A new survey has revealed that one in five Britons don’t think they will ever be able to afford full retirement.
The “Future of Retirement” survey, carried out by HSBC, found that, of those who expect to stop full time work, 33% believe they will have to continue part time work. Among 25-34 year olds this figure was markedly higher at 40%.
The survey also found a worrying discrepancy between aspirations for retirement and reality; people expected their retirement to last for an average of 19 years, when in fact their average savings would only last for 7.
Despite the introduction of auto-enrolment in workplace pensions, things aren’t necessarily improving for those contributing. According to the report, the phasing out of final salary pension plans has meant that, in the future, pensions are likely to be determined by how much individuals contribute, investment returns and interest rates. Figures from Hargreaves Lansdown have shown that auto-enrolment contribution rates are unlikely to fund the retirement lifestyles that people expect.
Taking into account increasing life expectancies, the report urges young workers to start saving now to make sure that they have enough to live on when they eventually retire. Alarmingly, people are wildly underestimating the amount they need to save, and 58% of respondents said that they would prioritise saving for a holiday over saving for retirement - even though two of the most popular retirement aspirations were travel and frequent holidays.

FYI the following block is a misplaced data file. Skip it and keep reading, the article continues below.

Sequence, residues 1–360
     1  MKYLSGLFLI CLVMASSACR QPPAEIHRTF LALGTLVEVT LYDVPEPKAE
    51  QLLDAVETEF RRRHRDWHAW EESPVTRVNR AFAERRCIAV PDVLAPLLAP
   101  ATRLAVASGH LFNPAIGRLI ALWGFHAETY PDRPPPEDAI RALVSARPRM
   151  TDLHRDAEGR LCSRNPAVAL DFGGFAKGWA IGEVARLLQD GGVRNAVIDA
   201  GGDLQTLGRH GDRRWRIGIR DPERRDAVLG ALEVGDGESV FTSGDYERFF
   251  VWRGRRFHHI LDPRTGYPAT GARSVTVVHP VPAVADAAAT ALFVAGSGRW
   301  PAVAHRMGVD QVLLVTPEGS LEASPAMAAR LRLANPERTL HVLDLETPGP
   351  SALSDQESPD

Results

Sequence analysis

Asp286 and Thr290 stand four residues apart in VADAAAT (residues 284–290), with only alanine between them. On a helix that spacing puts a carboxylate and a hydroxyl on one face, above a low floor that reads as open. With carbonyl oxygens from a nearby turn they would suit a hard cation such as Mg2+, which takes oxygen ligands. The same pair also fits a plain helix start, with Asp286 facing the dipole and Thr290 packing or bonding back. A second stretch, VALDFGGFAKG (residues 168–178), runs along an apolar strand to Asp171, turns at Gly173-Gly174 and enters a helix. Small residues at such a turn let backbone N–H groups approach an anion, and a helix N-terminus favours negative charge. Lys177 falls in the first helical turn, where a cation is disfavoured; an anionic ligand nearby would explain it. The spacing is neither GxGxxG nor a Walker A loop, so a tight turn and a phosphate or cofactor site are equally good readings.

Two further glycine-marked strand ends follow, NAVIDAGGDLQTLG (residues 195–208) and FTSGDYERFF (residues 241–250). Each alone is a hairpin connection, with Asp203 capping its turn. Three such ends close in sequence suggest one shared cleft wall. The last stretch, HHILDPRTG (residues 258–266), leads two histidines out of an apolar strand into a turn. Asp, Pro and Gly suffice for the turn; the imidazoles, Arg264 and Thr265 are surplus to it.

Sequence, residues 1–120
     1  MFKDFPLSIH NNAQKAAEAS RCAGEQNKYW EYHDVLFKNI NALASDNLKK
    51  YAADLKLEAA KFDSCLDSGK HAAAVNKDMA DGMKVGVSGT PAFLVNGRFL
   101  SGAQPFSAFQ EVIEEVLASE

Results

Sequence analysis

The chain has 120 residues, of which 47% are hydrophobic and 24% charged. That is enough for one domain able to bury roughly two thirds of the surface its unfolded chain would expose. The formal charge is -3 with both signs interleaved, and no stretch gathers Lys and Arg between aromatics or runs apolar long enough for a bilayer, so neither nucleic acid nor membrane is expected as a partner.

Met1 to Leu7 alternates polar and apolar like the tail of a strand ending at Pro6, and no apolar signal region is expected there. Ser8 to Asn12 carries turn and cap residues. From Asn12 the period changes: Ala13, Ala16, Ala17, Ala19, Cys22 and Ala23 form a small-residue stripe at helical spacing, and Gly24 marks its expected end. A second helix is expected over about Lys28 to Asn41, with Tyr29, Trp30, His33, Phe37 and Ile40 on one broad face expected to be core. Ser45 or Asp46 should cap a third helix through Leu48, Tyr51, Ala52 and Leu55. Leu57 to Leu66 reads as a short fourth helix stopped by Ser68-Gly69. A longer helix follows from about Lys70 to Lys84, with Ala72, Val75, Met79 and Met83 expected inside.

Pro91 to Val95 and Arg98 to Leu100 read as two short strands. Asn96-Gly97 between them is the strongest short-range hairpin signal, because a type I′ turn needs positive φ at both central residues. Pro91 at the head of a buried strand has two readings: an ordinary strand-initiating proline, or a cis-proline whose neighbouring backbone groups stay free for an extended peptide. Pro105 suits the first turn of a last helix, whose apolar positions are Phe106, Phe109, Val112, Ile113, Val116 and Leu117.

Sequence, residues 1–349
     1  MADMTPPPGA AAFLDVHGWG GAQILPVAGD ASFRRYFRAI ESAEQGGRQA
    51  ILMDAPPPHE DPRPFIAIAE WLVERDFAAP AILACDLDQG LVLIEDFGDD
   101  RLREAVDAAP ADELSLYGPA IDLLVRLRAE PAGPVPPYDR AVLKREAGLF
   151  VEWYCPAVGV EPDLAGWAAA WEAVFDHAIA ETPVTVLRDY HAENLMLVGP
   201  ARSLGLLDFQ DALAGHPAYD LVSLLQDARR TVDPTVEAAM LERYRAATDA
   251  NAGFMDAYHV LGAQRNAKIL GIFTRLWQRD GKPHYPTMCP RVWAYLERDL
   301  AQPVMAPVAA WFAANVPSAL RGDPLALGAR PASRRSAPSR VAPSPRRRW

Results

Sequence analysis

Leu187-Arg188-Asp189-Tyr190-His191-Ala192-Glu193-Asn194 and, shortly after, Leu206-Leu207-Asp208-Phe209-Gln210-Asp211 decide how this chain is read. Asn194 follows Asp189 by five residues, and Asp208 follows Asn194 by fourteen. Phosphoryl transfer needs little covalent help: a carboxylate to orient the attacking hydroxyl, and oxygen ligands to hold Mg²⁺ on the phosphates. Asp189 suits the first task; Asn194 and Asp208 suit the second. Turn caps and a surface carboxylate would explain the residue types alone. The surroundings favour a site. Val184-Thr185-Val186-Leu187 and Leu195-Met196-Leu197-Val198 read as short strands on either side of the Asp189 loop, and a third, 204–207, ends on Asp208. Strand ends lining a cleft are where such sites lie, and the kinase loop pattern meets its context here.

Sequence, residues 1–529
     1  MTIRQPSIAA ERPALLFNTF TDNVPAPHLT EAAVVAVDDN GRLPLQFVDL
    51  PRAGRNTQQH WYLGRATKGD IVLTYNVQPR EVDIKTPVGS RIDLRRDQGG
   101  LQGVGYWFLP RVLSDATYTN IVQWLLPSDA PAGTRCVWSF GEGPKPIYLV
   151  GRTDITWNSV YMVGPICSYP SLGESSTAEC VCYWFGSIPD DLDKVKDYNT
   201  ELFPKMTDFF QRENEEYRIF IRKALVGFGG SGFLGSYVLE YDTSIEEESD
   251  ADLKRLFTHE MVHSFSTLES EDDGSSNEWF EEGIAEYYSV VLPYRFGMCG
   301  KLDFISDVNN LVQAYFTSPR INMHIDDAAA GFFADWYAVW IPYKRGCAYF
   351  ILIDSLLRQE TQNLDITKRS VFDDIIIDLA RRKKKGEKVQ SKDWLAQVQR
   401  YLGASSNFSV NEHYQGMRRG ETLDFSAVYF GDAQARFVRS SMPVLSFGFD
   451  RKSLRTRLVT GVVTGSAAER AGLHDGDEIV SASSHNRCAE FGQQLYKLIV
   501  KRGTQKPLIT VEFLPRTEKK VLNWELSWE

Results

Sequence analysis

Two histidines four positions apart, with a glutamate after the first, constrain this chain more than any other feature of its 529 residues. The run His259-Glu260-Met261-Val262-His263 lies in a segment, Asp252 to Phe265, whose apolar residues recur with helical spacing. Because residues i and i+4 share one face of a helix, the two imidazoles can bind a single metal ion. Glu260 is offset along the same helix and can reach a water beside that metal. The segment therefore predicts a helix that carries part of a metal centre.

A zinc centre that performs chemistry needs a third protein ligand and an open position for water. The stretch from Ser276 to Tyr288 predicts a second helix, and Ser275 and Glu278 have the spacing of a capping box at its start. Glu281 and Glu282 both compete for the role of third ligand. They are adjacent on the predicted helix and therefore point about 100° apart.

The report concluded by urging people to be realistic about their retirement needs, stating that, although many people assume that their costs will go down when they retire, it is possible that the opposite could happen. For example nursing and care costs for elderly people can often run well into the thousands. The report also urged savers to diversify their sources of income, to avoid having “all their eggs in one basket”.
This latest report highlights the importance of sound financial planning, and the difficulties faced by future retirees as they attempt to fund retirement lifestyles that are looking increasingly unlikely.